All and all this was by far my favorite film so far.  The story moved at a really good pace, and it contained details that were both visually stunning and important to the series. The special effects were amazing and the acting was really strong.  I look forward to seeing what happens in the next chapter of the film and see how the story ends.  Like always, I leave you with a question: do you ever root for the bad guys?  Deep down is there ever a time where a bad character is written or portrayed so well that you can’t keep yourself from rooting for them?

Until next time, happy viewing.

6 out of 5 Stars

Harry Potter and the Order of the Phoenix (2007)
Warner Brothers
PG-13, 138 Minutes
One lucky winner will have the opportunity to win a copy of Harry Potter and the Order of the Phoenix on DVD.  For your chance to win simply leave a comment in the thread below.  Comments will be accepted through midnight of Saturday July 30, 2011.  Winner will be picked at random and announced on Sunday July 31, 2011.  Giveaway open to US & Canadian residents only. Good luck!!

Harry Potter Blogsplosion Day 8: Adam’s Film Review of Harry Potter and the Goblet of Fire

Welcome back to the Harry Potter Blogsplosion! Harry Potter and the Goblet of Fire is the fourth (and Kim’s favorite) adventure in the series.  It once again stars Daniel Radcliffe, as the title character, and Emma Watson, and Rupert Grint as his trusty sidekicks.  Harry is in his fourth year at Hogwarts and finally comes face to face with a human form of Lord Voldemort, played by Ralph Fiennes.

The movie starts off with Harry Potter having a nightmare consisting of Peter Pettigrew, Lord Voldemort (who is unseen), and an unknown man.  Harry watches as Voldemort kills an elderly man who was standing near them watching them.  It is as Voldemort yells “Avada Kedavra” that Harry suddenly wakes up.  Harry awakens to find Ron and Hermione watching him to make sure he’s ok.  Assuring them that he’s fine he goes back to sleep, only to wake up a few hours later for the Quidditch World Cup finals.  While everyone is sleeping post-match, the Death Eaters, who are the faithful servants to Lord Voldemort, terrorize the campsites to announce to everyone that Voldemort’s return is imminent.  After narrowly escaping the Death Eaters, Harry and his friends return to school to learn that Hogwarts will be hosting the Triwizard Tournament.  Three different schools of wizardry send representatives from their respective schools to compete in a series of events that push their magical skills and endurance to the limit.  The winner of the tournament wins the Triwizard Cup, a small fortune, and bragging rights for their school. Controversy arises when Harry Potter, 3 years younger than the 17-year-old cut off age, is the fourth candidate to be chosen to compete.  With Harry as an extra champion, four candidates will now vie for the title instead of the usual three, including Viktor Krum from the Durmstang institute, Fleur Delacour from the Beauxbatons Academy of Magic, and finally Cedric Diggory (played by a pre-Twilight Robert Pattinson).  The three tasks they face are: steal a golden egg from a dragon, save a loved one trapped in the lake, and find the Triwizard Cup in the heart of a giant hedge maze filled with obstacles. While in this last challenge, Potter is transported to a place where for the first time, he comes face to face with a human form of Lord Voldemort.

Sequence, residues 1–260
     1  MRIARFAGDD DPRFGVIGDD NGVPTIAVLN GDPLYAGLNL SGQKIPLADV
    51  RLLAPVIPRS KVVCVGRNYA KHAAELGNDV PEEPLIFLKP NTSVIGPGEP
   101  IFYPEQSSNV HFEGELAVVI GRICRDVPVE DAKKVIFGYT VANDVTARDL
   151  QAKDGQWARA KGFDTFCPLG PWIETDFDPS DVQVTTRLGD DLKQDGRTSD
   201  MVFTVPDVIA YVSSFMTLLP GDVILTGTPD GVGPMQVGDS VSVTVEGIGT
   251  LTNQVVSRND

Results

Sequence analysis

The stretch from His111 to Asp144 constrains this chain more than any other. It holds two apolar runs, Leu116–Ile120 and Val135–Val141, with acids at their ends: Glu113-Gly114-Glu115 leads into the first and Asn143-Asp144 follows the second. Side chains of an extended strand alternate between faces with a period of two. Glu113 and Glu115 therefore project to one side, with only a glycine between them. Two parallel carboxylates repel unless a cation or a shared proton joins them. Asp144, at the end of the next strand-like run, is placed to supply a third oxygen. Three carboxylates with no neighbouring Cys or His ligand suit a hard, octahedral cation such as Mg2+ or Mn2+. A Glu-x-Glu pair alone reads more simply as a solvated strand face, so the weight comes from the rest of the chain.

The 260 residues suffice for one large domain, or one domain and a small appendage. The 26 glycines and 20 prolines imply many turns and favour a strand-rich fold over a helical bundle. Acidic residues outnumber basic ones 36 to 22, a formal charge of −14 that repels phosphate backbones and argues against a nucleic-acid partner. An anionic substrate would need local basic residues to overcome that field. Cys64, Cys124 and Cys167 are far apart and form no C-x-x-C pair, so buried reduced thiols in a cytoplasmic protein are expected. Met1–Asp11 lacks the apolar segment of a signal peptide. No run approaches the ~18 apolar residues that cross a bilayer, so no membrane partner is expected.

After the dark take of the third Harry Potter film, this one has a bit of a lighter look.  There seemed to be more of the magic that makes Hogwarts so appealing and makes it a place you’d really want to visit.  Mike Newell the director, had a way of making every shot count. The shots were beautiful and really made Hogwarts this magical yet accessible place.  I don’t feel that this was done in the first three films.  One of my favorite shots of the film was when Harry was crossing the long bridge on Hogwarts’ grounds.  Before they zoomed in on him, they held off just long enough to make you notice what an amazing shot it was. The most beautiful shots in my opinion were of the Yule Ball.  The use of cinematography in the film just makes each shot magical.  The music went perfectly with these scenes and really played off of the characters emotions, just like a good score should.